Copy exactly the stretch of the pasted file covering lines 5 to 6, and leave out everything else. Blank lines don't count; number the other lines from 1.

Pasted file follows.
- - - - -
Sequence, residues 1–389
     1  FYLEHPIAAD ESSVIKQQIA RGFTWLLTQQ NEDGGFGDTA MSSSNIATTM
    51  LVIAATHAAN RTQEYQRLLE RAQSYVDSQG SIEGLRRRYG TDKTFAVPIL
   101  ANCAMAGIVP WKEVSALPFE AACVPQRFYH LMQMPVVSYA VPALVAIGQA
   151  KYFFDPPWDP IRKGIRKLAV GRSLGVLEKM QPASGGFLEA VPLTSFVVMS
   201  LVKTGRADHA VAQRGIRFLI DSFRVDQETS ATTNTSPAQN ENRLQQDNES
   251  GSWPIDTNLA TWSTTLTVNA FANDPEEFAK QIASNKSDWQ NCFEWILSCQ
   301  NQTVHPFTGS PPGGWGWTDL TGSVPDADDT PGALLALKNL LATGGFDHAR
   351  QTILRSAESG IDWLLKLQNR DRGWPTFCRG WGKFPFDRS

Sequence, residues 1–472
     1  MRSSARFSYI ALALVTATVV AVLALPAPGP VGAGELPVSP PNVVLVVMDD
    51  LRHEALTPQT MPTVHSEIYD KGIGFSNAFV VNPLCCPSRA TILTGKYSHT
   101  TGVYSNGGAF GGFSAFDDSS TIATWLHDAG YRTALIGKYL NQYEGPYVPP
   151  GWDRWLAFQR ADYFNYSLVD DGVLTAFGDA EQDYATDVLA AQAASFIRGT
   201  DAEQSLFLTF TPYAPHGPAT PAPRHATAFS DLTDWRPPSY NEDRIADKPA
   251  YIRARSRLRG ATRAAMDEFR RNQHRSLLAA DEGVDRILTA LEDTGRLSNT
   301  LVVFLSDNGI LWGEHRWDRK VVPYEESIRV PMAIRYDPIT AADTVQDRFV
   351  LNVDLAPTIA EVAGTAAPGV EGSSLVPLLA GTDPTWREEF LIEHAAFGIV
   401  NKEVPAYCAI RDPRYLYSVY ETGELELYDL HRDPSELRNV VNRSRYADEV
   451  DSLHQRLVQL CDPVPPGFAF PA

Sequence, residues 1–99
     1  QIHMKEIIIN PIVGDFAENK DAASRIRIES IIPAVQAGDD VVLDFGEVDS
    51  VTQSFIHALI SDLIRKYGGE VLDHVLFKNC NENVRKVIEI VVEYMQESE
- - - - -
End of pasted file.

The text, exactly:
   151  KYFFDPPWDP IRKGIRKLAV GRSLGVLEKM QPASGGFLEA VPLTSFVVMS
   201  LVKTGRADHA VAQRGIRFLI DSFRVDQETS ATTNTSPAQN ENRLQQDNES